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Katori Hall’s ‘The Hot Wing King’ Wins 2021 Pulitzer Prize For Drama

Katori Hall’s comedy-drama play The Hot Wing King, which was given a world premiere by Off Broadway’s Signature Theatre Company just before the pandemic shutdown, was awarded the 2021 Pulitzer Prize for Drama today.

Hall, a Memphis native currently Tony-nominated for writing the book for Tina: The Tina Turner Musical, is also the executive producer and showrunner of Starz’s P-Valley, a drama series based on her play Pussy Valley. She won an Olivier Award for her 2009 play The Mountaintop, which starred Samuel L. Jackson and Angela Bassett on Broadway.

Set in Memphis, Tennessee, just in time for the annual “Hot Wang Festival,” the play follows two Black gay men and “their culinary clique, The New Wing Order,” as they prepare their culinary entry. As described by Signature, “When Dwayne takes in his troubled nephew however, it becomes a recipe for disaster. Suddenly, a first place trophy isn’t the only thing Cordell risks losing.”

The play premiered at Signature’s Alice Griffin Jewel Box Theatre on February 11, 2020.

Katori Hall, far right, at Broadway’s ‘Tina’, with Phyllida Lloyd, Daniel J. Watts, Tina Turner, Adrienne Warren (2019)
Evan Agostini/Invision/AP)

The Pulitzer board called The Hot Wing King “a funny, deeply felt consideration of Black masculinity and how it is perceived filtered through the experiences of a loving gay couple and their extended family as they prepare for a culinary competition.”

The two other finalists for the Drama prize were Circle Jerk by Michael Breslin and Patrick Foley, and Stew by Zora Howard.

Circle Jerk is described by its authors as “a queer comedy about white gay supremacy, a homopessimist hybrid of yesterday’s live theater and today’s livestream (set in tomorrow’s news cycle). It tells the story of gay, right-wing trolls and the algorithms they invent to spread their gay agenda and take over the Discourse…and then, the world. In an era when truth is dead and fact is fiction, Circle Jerk is a realistic comedy about a bleakly farcical reality.”

Stew, Howard’s first play, ran in February 2020 at New York’s Off Broadway Walkerspace, and follows a family of three generations of women who grapple with their personal choices.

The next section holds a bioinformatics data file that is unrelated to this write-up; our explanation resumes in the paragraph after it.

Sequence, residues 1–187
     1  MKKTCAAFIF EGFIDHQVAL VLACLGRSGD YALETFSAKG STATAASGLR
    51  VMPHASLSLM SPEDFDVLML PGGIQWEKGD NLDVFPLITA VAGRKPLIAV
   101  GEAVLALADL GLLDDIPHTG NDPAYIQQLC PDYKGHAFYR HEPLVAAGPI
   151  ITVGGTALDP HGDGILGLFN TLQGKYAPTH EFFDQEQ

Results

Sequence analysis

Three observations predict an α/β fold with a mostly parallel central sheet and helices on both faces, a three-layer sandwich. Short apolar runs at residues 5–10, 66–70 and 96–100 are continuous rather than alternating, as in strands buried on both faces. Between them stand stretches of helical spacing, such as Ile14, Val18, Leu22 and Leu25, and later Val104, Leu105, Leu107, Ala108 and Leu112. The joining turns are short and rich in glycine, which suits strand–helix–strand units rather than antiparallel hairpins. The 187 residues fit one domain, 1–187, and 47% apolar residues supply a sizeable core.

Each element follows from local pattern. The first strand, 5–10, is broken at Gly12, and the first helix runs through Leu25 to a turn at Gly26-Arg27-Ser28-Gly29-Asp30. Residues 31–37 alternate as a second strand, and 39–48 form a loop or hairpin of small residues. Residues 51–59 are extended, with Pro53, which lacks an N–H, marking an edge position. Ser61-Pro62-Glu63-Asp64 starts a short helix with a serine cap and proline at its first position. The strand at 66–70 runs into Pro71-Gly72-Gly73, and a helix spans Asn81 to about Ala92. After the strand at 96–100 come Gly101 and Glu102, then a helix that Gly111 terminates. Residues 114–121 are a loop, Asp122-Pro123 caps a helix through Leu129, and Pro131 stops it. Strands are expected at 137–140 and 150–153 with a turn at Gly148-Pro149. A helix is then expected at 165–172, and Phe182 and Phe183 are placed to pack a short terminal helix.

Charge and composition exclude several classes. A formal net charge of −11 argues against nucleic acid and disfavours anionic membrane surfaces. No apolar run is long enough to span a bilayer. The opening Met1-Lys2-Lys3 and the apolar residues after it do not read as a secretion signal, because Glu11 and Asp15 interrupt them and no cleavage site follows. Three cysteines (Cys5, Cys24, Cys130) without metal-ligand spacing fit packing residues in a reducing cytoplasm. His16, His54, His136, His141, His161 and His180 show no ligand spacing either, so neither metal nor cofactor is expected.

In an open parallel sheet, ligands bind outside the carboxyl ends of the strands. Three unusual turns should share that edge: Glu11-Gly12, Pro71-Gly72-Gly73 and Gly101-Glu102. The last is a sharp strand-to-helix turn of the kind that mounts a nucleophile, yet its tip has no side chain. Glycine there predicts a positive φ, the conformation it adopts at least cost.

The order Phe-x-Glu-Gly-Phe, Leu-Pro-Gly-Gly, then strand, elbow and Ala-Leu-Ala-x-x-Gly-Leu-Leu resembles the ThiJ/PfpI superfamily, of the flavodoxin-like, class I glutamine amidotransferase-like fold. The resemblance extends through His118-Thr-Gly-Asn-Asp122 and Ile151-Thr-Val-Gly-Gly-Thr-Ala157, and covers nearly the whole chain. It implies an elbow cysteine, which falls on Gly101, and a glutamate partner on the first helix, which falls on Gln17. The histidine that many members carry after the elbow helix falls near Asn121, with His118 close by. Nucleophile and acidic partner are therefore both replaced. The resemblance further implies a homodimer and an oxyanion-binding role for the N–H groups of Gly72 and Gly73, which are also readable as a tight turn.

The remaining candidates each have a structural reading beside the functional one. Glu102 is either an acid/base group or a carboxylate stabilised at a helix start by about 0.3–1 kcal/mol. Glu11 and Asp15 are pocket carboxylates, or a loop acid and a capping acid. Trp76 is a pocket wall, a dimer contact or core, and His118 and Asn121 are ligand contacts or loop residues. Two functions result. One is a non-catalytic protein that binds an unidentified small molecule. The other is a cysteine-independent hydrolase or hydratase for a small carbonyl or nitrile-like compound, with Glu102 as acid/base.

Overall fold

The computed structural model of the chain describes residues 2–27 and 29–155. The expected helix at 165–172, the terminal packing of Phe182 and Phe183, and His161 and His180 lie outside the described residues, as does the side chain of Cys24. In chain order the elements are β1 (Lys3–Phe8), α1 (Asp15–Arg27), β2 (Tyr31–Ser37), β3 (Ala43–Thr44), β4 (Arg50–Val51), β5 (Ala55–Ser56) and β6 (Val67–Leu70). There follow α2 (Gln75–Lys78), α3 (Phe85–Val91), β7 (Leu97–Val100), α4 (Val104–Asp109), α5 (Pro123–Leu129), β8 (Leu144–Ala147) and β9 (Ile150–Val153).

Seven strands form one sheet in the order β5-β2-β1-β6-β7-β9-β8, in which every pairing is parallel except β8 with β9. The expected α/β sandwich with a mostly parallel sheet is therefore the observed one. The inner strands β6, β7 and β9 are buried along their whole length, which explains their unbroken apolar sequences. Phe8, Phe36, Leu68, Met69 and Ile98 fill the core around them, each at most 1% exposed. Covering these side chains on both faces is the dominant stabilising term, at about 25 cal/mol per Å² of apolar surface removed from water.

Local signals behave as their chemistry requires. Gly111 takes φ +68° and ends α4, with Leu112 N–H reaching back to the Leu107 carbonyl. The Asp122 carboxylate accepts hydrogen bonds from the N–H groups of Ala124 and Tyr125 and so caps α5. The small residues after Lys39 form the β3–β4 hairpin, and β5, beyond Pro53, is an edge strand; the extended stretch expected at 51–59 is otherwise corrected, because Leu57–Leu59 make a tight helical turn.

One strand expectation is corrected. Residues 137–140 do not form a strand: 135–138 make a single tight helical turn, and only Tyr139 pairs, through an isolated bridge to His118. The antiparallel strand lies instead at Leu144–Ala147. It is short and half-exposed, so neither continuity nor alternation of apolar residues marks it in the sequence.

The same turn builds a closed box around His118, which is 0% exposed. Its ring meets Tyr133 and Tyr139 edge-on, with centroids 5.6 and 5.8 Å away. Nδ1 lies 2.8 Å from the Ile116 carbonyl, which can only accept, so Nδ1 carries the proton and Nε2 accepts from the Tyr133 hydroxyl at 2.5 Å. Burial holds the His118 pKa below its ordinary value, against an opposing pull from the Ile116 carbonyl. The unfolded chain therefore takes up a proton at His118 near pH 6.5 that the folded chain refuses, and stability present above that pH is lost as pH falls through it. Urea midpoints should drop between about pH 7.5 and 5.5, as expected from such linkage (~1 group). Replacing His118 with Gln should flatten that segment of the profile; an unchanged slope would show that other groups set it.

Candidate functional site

The nominations seemed to catch Circle Jerk‘s Breslin and Foley, aka “Fake Friends,” off-guard:

I’m sorry …. What the fuck is happening

— Fake Friends (@faaakefriends) June 11, 2021

With Broadway theaters and other stages shuttered by the coronavirus pandemic for the last 15 months, the Pulitzer Prize board amended its rules for drama prize eligibility to include online productions and shows that were postponed or canceled due to the Covid shutdown.

“The spread of the Covid virus has closed theaters but has in no way dampened the creativity of the nation’s playwrights,” said Pulitzer co-chairs Stephen Engelberg and Aminda Marqués Gonzalez in a joint statement last September. “In this year, of all years, we wanted to honor the work that is being done. The shows are going on, even if the audience is remote.”

Other 2021 Pulitzer winners in the Books, Drama and Music categories (with the Pulitzer organization’s descriptions) are:


The Night Watchman, by Louise Erdrich

A majestic, polyphonic novel about a community’s efforts to halt the proposed displacement and elimination of several Native American tribes in the 1950s, rendered with dexterity and imagination.


Franchise: The Golden Arches in Black America, by Marcia Chatelain

A nuanced account of the complicated role the fast-food industry plays in African-American communities, a portrait of race and capitalism that masterfully illustrates how the fight for civil rights has been intertwined with the fate of Black businesses.


The Dead Are Arising: The Life of Malcolm X, by the late Les Payne and Tamara Payne

A powerful and revelatory account of the civil rights activist, built from dozens of interviews, offering insight into his character, beliefs and the forces that shaped him.


Postcolonial Love Poem, by Natalie Diaz

A collection of tender, heart-wrenching and defiant poems that explore what it means to love and be loved in an America beset by conflict.

General Nonfiction

Wilmington’s Lie: The Murderous Coup of 1898 and the Rise of White Supremacy, by David Zucchino

A gripping account of the overthrow of the elected government of a Black-majority North Carolina city after Reconstruction that untangles a complicated set of power dynamics cutting across race, class and gender.


Stride, by Tania León

Premiered at David Geffen Hall, Lincoln Center, New York City on February 13, 2020, a musical journey full of surprise, with powerful brass and rhythmic motifs that incorporate Black music traditions from the US and the Caribbean into a Western orchestral fabric.

In addition, The New York Times critic-at-large Wesley Morris won the Pulitzer Prize for Criticism, with the board noting his “unrelentingly relevant and deeply engaged criticism on the intersection of race and culture in America, written in a singular style, alternately playful and profound.” The prize is Morris’ second Pulitzer: He previously won the same award in 2012 while working at The Boston Globe.

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